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Economics

July 31, 2014

"At this bar I go to, the prices of the beers change every 15 minutes based on supply and demand inside the bar."

Fifteen minutes seems a little short, but the idea is certainly worth experimenting with. (Unless it's just a marketing gimmick.)

"How American Beer Became Great Again"

It wasn't that long ago that we heard Anheuser-Busch and huge seller concentration would be the absolute death of American beer.

Surprise!

"Two Top Experts Debate the Outlook for Growth"

Summary of Joel Mokyr's reply to Robert Gordon's stagnation thesis.

July 30, 2014

*This* is a bigger problem than inequality

"Employers say they can't fill jobs—and here's why".

A declining unemployment rate—now at 6.1 percent—would seem to mean that employers are packing their payrolls with workers. But many businesses say they are having a harder time filling open positions this year than last year, according to a new survey.

July 29, 2014

"Piketty’s Can Opener"

Jim Manzi:

In summary, Piketty has weak evidence to support his theory for why CEO pay has increased in America. What evidence he has covers only CEOs of public companies, and hence about 3 percent of the top 0.1 percent. His whole model, even if correct and extended beyond what is supported by the evidence could only apply to about one-fourth of the top 0.1 percent. And this very group that he claims is responsible for driving income inequality in America is collapsing as a share of the top 0.1 percent.

Piketty’s explanation for rising inequality in America plays to many people’s predispositions, but he has no real evidence that it’s true. Therefore accepting the predictions he makes for the effect of his policies would be incredibly dangerous.

Ouch.

"The Latest Public-Sector Pension Scandal"

Ira Stoll, Reason:

The current system takes rich money managers, who ordinarily might be a voice for lower taxes and restrained government spending, and makes them beholden, for business, on public pension boards that sometimes include union officials. Instead of arguing for less generous pensions, or for personal accounts that employees would manage individually, the money managers now have incentives to argue for more generous pensions and to avoid upsetting the system that is enriching them. . . . 

What should be done? Shut these pension funds down and turn the money over to the individual employees and retirees. Let the government workers open retirement accounts at Charles Schwab, Vanguard, Fidelity, and so on, just like much of the rest of America does. Let the money managers compete for individual business by advertising on the basis of price, service, or performance, rather than by paying off government officials with shoeboxes or paper bags full of cash.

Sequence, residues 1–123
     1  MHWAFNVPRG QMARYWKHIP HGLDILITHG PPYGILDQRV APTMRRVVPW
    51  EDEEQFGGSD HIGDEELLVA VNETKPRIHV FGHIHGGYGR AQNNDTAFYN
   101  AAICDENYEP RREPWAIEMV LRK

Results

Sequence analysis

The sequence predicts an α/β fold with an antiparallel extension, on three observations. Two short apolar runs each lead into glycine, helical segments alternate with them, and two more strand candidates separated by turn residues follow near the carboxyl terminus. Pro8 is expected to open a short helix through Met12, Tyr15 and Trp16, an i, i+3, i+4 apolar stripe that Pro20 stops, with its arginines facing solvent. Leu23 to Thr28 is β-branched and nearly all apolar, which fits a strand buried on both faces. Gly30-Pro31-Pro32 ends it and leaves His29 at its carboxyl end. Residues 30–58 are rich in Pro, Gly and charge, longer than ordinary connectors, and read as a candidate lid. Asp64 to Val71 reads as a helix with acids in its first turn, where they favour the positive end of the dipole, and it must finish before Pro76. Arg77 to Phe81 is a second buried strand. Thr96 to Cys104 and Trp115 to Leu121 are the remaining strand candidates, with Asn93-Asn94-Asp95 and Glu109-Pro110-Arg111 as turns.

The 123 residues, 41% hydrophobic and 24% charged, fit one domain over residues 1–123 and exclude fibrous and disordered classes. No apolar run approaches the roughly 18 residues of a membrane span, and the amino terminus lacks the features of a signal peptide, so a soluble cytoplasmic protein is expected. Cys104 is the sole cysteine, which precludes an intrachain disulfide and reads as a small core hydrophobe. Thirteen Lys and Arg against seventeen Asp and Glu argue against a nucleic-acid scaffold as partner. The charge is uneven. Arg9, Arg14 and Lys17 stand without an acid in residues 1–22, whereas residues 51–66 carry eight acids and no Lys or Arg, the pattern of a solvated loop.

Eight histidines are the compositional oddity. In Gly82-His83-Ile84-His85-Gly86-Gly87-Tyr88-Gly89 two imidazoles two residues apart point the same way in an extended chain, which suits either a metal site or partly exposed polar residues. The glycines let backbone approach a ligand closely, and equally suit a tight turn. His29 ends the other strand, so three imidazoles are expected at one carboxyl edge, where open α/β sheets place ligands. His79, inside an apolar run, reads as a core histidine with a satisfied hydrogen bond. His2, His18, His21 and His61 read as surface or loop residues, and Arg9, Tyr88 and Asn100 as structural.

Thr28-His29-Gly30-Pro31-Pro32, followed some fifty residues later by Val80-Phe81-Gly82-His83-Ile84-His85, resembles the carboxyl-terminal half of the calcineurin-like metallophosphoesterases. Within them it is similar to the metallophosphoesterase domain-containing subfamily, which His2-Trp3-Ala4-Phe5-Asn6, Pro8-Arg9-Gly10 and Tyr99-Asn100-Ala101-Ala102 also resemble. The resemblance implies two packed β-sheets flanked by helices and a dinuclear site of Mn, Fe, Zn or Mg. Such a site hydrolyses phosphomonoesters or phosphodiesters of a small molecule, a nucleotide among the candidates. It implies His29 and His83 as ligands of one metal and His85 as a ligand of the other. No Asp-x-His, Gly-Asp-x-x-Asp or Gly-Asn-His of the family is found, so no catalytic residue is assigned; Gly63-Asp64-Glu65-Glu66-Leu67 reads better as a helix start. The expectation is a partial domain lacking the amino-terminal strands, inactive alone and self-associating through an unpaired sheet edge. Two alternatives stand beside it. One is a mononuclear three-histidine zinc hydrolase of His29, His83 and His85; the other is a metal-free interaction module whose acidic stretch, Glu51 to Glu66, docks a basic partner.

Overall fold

Link via Glenn Reynolds.

"The real Medicaid problem"

"The paradox is that a progressive program also has unprogressive consequences."

That's no "paradox". It happens all the time. See, for another example, "Banning Big-box Stores Can Hurt Local Retailers".

July 28, 2014

"Solving California's Drought Problem: Market Pricing"

Still more on the fabulous lie that "government is the name we give to things we do together":

The New York Times reports that "cities across California are encouraging residents to tattle on their neighbors for wasting water" — just the kind of behavior that we want our government to cultivate.

Those reluctant to squeal are instead shaming residents they see washing their cars and watering their lawns, and embarrassing anyone suspected of taking long showers.

To help out, water officials in Los Angeles will soon offer hangers that residents can "slip anonymously around the doorknobs of neighbors whose sprinklers are watering the sidewalk."

What a swell way for government to pit neighbors against each other and create conditions that could explode into violence. But then, what should we expect when some officials defend the shaming practice because it's akin to an "education" program?

Even more: "Snitch nation".

There is value in collective self-policing, a feature of health societies that will never and should never disappear entirely. And public shaming has a rich, if lamentable, Western tradition dating back to the stockades. But the rise of an informant culture in America is distinct from self-policing, and many appear to participate in the encouraged practice of informing on others more in service to a base desire to indulge in a little schadenfreude than anything else.

"The First Single-Payer Domino"

Conservatives need to watch this: "If the health-care experiment fails in Vermont, it would send shock waves nationwide."

"The Economics of Marriage, and Family Breakdown"

By Isabel Sawhill, Senior Fellow at Brookings. Includes this:

A child's education begins in the home. No improvement in public policy can compete with what only families can provide.

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